In still another aspect, the invention provides computer implemented method of providing a user with a flexible front end user interface (UI) that separates and decouples a computer implemented user journey from a computer implemented application process. The computer implemented method comprises providing a plurality of portlets, each providing at least one functionality or a group of functionalities to be executed by the computer system; executing the computer implemented front end user journey using a component-based object-oriented flow configuration defining software instructions implemented by the computer system, providing navigation functionality across the plurality of portlets, managing data for computer screen displays in UI object components; defining a process of the component-based flow that renders at least part of a computer screen display; and managing events that occur within a state of the process and driving screen navigations used in rendering the computer screen display.

In some embodiments, this computer implemented method further comprises managing the user journey and the business process substantially separately so that the user journey and the business process can be modified with substantially minimum impact to one another. In some embodiments, the computer implemented method further comprises providing a visual editor generating said component-based object-oriented flow configuration. In some embodiments, the computer implemented method further comprises providing at least one portlet providing functionality to save an application and finish a front end session, and to retrieve the application at a later time and resume from where the application was saved.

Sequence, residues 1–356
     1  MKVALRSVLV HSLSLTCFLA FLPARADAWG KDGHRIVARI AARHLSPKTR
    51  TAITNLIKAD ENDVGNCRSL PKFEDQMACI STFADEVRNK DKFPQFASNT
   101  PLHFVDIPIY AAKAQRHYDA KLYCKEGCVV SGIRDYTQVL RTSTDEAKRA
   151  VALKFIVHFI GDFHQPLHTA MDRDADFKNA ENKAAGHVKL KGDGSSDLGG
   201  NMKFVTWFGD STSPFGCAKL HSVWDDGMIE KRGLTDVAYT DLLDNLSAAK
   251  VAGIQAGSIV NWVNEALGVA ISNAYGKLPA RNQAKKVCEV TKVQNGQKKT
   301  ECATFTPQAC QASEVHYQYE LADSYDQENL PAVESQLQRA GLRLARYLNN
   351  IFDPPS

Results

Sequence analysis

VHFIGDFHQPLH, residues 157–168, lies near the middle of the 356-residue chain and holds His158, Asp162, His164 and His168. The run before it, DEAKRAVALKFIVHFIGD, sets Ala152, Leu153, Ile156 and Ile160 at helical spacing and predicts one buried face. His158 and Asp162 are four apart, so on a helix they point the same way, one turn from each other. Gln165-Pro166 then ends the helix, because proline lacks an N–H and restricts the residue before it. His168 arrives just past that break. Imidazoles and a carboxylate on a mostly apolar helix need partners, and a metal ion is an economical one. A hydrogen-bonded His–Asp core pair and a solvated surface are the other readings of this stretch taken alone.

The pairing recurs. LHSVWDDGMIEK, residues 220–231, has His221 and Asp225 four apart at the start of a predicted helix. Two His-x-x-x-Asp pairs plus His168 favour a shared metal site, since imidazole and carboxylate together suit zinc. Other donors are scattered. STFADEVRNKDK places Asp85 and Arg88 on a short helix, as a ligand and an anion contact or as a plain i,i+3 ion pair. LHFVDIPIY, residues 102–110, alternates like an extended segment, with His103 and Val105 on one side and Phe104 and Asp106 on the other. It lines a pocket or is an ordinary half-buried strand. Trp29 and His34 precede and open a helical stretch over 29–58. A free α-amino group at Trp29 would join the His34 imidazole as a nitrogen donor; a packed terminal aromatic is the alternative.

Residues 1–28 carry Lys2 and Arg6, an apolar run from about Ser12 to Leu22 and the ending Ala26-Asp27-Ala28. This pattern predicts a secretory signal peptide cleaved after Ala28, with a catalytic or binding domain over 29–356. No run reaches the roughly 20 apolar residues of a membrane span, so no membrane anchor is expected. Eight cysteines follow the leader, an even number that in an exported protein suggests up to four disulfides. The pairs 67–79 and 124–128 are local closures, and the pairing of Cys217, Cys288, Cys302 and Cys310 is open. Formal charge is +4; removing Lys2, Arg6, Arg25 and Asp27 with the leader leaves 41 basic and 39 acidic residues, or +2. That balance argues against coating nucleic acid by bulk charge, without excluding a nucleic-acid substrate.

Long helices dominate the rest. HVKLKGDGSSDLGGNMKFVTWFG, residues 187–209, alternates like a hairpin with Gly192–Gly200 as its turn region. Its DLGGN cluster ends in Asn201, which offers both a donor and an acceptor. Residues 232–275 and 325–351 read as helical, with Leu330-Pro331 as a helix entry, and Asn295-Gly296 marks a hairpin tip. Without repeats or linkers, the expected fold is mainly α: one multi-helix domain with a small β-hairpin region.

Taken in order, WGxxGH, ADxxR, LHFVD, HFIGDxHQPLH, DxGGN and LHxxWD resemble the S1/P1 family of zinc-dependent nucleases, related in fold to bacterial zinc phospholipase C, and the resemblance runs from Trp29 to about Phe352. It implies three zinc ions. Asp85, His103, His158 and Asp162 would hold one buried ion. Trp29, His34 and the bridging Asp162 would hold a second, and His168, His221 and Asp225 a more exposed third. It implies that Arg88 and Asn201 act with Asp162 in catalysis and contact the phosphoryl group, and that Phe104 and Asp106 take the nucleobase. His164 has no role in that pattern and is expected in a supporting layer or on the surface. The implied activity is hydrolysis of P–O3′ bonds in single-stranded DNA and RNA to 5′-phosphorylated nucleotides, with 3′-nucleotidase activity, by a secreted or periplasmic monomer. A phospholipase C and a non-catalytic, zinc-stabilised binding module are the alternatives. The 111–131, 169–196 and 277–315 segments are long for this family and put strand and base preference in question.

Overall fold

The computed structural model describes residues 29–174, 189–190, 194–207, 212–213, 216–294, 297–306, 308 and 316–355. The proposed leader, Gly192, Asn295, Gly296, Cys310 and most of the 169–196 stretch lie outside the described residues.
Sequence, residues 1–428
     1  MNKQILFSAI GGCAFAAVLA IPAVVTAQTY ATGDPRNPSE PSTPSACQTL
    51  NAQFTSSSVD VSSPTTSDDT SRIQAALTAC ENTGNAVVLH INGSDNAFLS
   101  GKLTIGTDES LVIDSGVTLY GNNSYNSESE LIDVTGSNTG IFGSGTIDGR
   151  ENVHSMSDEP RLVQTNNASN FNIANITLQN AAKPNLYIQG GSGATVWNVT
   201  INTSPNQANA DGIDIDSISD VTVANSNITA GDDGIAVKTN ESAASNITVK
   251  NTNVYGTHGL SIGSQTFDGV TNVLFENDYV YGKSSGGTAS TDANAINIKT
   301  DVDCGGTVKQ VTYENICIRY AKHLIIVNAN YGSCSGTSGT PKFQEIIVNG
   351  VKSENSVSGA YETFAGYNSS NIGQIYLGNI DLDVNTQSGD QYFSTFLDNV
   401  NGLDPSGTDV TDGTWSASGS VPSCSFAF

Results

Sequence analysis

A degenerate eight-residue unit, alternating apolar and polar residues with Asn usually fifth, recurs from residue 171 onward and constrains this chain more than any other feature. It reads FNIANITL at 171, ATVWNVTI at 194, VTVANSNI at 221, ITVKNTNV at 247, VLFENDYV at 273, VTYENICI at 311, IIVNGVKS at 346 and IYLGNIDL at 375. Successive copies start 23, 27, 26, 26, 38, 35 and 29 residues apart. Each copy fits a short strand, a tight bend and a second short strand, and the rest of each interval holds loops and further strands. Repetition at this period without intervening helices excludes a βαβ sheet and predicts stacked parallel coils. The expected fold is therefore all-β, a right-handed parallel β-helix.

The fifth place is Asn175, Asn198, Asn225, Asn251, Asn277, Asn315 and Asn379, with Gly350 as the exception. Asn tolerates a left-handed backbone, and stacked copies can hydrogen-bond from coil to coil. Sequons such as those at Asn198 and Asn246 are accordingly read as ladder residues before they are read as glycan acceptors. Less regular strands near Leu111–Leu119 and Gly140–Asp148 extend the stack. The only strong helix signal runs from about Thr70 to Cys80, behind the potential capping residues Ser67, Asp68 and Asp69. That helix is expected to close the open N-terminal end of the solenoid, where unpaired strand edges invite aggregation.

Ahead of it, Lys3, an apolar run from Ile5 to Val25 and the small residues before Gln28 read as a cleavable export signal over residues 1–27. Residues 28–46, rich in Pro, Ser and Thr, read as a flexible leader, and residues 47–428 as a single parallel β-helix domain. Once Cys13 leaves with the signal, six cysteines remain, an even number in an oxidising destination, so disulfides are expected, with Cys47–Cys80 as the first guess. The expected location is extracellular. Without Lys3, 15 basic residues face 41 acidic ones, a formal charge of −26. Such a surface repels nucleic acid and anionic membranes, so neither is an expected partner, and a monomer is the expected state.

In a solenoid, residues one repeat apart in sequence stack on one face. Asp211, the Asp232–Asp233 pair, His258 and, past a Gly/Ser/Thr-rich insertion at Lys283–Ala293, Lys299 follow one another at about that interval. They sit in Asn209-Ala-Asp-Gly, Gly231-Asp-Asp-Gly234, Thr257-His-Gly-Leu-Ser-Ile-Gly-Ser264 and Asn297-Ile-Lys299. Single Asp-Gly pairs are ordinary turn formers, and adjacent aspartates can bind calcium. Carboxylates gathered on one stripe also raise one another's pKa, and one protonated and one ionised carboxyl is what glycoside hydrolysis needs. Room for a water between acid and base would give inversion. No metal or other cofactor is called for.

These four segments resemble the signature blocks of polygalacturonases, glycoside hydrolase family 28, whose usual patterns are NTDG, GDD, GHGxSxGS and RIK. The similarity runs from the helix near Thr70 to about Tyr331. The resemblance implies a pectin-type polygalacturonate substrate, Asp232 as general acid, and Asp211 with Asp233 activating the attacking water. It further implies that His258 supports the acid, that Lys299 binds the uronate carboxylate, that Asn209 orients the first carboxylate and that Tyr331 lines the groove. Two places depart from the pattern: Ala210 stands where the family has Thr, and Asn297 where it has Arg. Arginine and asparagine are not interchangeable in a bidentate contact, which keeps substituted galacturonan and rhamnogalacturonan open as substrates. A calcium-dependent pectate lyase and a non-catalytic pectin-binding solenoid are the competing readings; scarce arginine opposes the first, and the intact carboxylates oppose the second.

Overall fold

In some embodiments, the computer implemented method further comprises providing a plurality of portlets comprising an Entry portlet, a Gather-Application-Data portlet, a Decision portlet, a Funding portlet, a Boarding portlet, and a Cross-sell portlet.

In some embodiments, the computer implemented method further comprises providing a plurality of core products portlets comprising at least one of: Retrieve Application Portlet, Non-Straight Through Processing Application Maintenance Menu Portlet, Account Opening (AO) Work Item Update Portlet, Communication History Portlet. AO Activity History Portlet, AO Queue Management Services Portlet, AO To-Do Items Portlet, AO Entity Data Portlet, AO Application Documentation Portlet, AO Communication Portlet, Integrated Customer Communications Manager Free Format Utility Portlet, and AO Entitlement Portlet.

In some embodiments, the computer implemented method further comprises providing a plurality of insurance portlets comprising a Quotes Portlet, an AS Entry Portlet, and a Policy Cancellation Portlet; determining and presenting an insurance quote by the Quotes Portlet; receiving from the user an acceptance of the insurance quote; and initiating the computer implemented front end user journey responsive to said acceptance.

BRIEF DESCRIPTION OF THE DRAWINGS

FIG. 1 is an exemplary diagram showing how a front end flow configuration may interface with various account opening product/service systems or data stores, according to some embodiments of the invention.

FIG. 2 shows an exemplary User Journey within and across Portlets.

FIG. 3 is a diagram showing exemplary WARs and Portlets for payment.

FIG. 4 is an exemplary diagram of Account Opening Portlets that may be chained together in various ways to create a flexible user journey.

FIG. 5 shows an exemplary logical view of the front end user interface.

FIG. 6 illustrates an exemplary physical architecture of the front end, according to some embodiments.